How does a ECU work in a car?
The ECU is the brain of the engine and therefore an indispensable part of today's car. While driving, the control unit is constantly gathering information in order to be able to control other parts. But what exactly does such an ECU measure? And what is the most important function of this part? These questions will be answered in this article.
The era for the ECU: the carburettor
As said before, it is impossible to imagine modern cars without an ECU unit. But how did it go 'in the past'? Before engine control equipment was used in cars, car manufacturers used a carburettor to control the air-fuel mixture. However, this technique has one major disadvantage: the system is static. One ideal adjustment had to be found for really all circumstances: cold or hot, damp or dry, economical or just a lot of torque ...
It was almost impossible to find a good mix between power, fuel consumption and emission values that worked under all circumstances. Driven by the fact that the cars had to be cleaner and cleaner, the ECU offered the solution. After all, a unit can adjust the mixing ratio for each situation and thus always ensuring an optimal fuel injection.
Optimal fuel injection
An optimal fuel injection has everything to do with the relationship between the amount of oxygen and fuel. If there is a shortage of oxygen, not all fuel burns, resulting in a loss of power, but if there is an excess of oxygen, there is also a loss of power. As the experts know, the optimum combustion ratio for a complete combustion is between 14.7 to 1: one gram of petrol requires 14.7 grams of air. Unfortunately, this ratio is not suitable for every situation. The most power you have at a ratio of 12.5 to 1 and the most economical you drive with a ratio of 15 to 1. It is therefore up to the ECU to estimate which ratio is best for each situation at a given moment.
Input for the ECU
To control the fuel injection, the processors in the ECU will have to be put to work. For this purpose the ECU receives information from numerous sensors. It is too much to discuss all these sensors. Therefore we will discuss below some of the most important sensors that provide input to the engine control unit.
The Manifold Absolute Pressure Sensor (MAP sensor) is used in the electronic system of an internal combustion engine. The MAP sensor provides information about the pressure in the intake manifold. This information is used to calculate the air density and the air mass ratio. Coolant temperature sensor What the coolant temperature sensor does, of course, speaks for itself. This sensor can also supply data for, for example, the electric fans or the coolant temperature on the instrument panel.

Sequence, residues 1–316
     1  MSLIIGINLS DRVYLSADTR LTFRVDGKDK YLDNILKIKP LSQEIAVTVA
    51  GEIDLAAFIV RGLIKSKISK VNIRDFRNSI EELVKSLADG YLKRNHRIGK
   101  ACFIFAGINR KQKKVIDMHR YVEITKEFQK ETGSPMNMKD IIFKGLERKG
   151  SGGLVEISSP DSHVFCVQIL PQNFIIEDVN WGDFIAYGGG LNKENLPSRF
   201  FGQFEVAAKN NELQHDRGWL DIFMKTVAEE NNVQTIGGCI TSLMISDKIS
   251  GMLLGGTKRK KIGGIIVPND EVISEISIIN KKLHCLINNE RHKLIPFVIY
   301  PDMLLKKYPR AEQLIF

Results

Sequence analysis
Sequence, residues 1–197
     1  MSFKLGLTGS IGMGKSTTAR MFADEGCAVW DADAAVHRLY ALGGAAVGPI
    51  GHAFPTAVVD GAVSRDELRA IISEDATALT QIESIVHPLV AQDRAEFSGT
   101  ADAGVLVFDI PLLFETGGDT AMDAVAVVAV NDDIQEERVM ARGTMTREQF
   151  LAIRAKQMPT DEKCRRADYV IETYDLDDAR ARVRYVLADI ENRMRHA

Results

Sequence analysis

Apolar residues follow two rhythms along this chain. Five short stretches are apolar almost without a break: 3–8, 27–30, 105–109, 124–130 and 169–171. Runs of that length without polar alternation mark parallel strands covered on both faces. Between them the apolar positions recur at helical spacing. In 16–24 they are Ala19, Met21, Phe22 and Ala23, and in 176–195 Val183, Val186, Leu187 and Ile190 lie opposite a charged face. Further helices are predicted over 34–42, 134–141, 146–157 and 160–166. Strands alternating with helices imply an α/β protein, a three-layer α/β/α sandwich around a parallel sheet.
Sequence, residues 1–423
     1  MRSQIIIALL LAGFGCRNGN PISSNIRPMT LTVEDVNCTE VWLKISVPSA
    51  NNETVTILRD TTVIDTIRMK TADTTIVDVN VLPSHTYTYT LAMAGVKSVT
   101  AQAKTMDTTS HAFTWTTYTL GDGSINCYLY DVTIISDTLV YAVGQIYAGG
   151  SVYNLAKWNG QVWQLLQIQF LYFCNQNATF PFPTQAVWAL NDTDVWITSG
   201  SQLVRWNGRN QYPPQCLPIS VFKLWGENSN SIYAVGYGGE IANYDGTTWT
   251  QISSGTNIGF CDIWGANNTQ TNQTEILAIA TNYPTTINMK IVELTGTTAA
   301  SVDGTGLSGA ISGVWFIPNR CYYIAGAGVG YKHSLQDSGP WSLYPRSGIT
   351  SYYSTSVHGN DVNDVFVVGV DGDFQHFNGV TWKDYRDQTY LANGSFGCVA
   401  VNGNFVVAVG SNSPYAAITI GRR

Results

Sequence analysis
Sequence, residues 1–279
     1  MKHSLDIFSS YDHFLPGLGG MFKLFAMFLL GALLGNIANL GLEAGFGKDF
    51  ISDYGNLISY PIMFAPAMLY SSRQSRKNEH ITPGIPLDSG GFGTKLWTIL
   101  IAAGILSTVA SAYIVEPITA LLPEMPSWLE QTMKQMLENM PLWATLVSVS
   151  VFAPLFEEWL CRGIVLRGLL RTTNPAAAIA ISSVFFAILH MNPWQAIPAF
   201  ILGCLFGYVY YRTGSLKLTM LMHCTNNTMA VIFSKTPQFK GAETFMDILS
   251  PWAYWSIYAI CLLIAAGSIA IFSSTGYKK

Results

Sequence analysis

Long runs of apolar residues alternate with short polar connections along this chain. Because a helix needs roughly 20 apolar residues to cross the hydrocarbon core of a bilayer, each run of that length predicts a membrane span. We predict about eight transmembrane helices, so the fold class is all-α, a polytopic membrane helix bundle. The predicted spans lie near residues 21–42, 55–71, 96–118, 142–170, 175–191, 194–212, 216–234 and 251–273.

Coolant temperature sensor
What the coolant temperature sensor does, of course, speaks for itself. This sensor can also supply data for, for example, the electric fans or the coolant temperature on the instrument panel.
The lambda sensor is a sensor also known as the oxygen sensor (O2-sensor). This sensor literally measures the amount of oxygen in the exhaust gases.
Crankshaft position sensor and camshaft sensor
The crankshaft position sensor is an electronic component found in both petrol and diesel engines. The crankshaft position sensor can also be used in combination with a camshaft sensor to measure the relationship between the pistons and valves in the engine, which is especially important in engines with variable valve timing.
This method is also used to 'synchronize' a four-stroke engine at start-up, so that the ECU knows when to inject the fuel. The crankshaft position sensor is often used as a source to measure the engine speed. So you can imagine that a problem with this sensor has a direct effect on the overall operation of the fuel injection system.
The knock sensor measures when detonation occurs: the moment when petrol ignites too early and on its own. The blow (or knock) caused by this is detected by the sensor and immediately passed on to the ECU. The self-ignition of petrol can cause considerable engine damage, so the unit needs to adjust some things immediately. Usually in this situation the injection moment is adjusted.
Throttle position sensor
This sensor is used to determine the position of the accelerator pedal. When the accelerator pedal is pressed deeper, the amount of air and fuel sent to the engine will of course also increase.
From input to output
In addition to the direct sensor signals received by an ECU, a lot of information is also received via the CAN network. With all this input, it is important that the ECU unit knows what information is important at that moment and can take action on it. The CAN filter plays an important role in this. The CAN-filter separates, as the name suggests, the important from the less important information and sends it to the processor of the ECU. In this processor the input information is converted to output information after numerous calculations.
Output of the ECU
The generated output information will also have to be sent to different parts in the car. Which information flows, depends very much on the type of car. In cars with a turbo-injection engine, for example, it is quite possible that the ECU transmits information to the turboactuator via the CAN network. However, as mentioned before, the most important function of the ECU is the optimal performance of the engine by computer-controlled fuel injection.